Dell, the U.S.-based manufacturer of personal computers and related products, has reportedly announced to layoff more than 6650 employees, about 5% of its total workforce across the globe, as per reports.
Dell Co-Chief Operating Officer, Jeff Clarke stated in a memo on Monday that the firm's past cost-cutting efforts, such as a freeze on hiring and travel restrictions, had not been successful and that the market circumstances were continuing to degrade with an uncertain future.
The layoffs were announced in response to a decline in the demand for laptops and PCs. Most significant computer manufacturers are currently experiencing a severe decline in demand after a spike in PC sales during the global covid outbreak. According to market researcher IDC, Dell's computer sales fell 37% in the most recent Christmas quarter compared to the exact three-month period in 2022.
It has been reported that about 55% of Dell's revenue comes from the sale of personal computers.
According to Clarke, employment reductions are necessary for Dell's long-term growth and performance, and department reorganizations are seen as a chance to increase productivity and foster creativity.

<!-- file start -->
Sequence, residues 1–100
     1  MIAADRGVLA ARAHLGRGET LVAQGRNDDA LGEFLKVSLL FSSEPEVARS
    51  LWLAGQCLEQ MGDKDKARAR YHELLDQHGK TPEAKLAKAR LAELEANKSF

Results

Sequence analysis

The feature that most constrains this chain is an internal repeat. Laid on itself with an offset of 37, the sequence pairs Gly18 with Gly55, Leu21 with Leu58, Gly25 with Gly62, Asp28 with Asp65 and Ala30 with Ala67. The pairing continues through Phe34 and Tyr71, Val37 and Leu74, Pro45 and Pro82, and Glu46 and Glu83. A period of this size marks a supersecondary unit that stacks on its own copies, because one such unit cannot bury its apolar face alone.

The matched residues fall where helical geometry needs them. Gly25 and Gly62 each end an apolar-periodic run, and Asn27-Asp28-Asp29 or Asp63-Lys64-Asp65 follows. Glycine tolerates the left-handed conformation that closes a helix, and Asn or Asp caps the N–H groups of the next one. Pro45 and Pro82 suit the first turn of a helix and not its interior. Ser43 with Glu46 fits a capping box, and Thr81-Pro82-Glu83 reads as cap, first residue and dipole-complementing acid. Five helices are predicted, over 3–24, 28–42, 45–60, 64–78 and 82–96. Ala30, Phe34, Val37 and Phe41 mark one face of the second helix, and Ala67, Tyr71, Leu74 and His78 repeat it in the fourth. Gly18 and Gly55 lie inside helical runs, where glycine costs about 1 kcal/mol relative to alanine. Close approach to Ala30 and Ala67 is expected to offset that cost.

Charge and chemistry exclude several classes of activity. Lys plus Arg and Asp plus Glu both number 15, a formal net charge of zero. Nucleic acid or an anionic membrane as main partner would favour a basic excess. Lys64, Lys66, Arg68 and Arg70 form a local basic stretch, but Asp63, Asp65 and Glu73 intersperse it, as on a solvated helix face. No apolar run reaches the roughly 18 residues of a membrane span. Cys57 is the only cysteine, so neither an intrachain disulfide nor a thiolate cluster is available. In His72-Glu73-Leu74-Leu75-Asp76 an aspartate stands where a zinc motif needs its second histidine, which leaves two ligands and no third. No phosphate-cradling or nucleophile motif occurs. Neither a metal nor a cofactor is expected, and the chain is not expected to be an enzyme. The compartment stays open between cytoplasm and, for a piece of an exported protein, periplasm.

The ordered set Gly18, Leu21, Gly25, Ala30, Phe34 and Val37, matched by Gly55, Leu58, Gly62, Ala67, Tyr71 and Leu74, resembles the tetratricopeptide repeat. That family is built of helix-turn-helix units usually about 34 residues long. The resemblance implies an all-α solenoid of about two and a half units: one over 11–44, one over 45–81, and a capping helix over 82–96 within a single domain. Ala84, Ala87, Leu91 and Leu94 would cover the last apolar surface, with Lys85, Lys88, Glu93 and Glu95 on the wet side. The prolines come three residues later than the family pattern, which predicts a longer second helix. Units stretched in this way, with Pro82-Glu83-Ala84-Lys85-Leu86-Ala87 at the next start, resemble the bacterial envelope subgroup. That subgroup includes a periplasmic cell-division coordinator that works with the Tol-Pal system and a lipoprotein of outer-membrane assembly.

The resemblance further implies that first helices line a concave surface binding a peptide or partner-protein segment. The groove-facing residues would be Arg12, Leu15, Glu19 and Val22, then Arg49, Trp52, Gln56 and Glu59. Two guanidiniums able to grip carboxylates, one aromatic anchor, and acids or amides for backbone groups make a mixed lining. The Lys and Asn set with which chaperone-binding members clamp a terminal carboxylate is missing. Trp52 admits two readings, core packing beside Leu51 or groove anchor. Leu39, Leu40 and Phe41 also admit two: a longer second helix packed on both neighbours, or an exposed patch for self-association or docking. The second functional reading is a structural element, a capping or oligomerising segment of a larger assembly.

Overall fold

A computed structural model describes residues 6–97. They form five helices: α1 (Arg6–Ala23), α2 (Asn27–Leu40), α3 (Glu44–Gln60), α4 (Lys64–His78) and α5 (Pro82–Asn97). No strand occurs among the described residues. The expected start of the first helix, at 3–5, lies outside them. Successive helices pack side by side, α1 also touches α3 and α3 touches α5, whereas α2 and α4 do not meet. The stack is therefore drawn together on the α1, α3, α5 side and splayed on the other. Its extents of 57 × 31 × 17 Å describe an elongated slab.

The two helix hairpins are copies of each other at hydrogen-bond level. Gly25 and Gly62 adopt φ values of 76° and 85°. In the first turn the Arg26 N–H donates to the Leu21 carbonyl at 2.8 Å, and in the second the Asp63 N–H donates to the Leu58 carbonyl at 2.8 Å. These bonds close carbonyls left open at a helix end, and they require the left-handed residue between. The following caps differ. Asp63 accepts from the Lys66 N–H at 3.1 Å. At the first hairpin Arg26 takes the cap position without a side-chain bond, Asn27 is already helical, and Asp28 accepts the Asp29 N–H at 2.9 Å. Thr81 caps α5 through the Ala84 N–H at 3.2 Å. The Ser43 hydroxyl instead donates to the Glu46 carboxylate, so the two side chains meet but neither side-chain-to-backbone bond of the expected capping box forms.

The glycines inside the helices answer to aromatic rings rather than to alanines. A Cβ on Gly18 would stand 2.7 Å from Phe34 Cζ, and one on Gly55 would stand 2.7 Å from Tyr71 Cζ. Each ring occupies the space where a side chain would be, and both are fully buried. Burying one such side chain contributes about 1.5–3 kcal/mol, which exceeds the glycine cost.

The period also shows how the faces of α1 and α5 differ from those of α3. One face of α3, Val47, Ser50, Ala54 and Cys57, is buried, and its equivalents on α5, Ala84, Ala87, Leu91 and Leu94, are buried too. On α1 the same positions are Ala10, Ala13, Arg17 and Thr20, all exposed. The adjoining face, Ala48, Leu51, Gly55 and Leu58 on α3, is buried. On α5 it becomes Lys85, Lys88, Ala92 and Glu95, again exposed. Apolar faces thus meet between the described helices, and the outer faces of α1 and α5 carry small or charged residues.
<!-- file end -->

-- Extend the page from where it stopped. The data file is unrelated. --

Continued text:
As per sources, after the layoffs, the number of Dell employees worldwide would be at their lowest level in six years, with about 39,000 fewer positions than the 165,000 full-time roles recorded in January 2020. Clarke added that the firm has survived previous economic downturns while coming out stronger and would be ready when the market recovers.
Apparently, the falling hardware demand affects many computing brands than just Dell. In November, HP disclosed plans to eliminate about 6,000 positions, while in December 2022, Lenovo terminated an unspecified number of its U.S. staff.
The global tech market has also been hit by a slowing economy, over-hiring, and supply chain concerns, with industry leaders such as Google, Meta, Amazon, and Microsoft all announcing mass layoffs in recent weeks.
Source credit: https://www.theverge.com/2023/2/6/23587401/dell-employees-layoffs-tech-recession-falling-pc-laptop-sales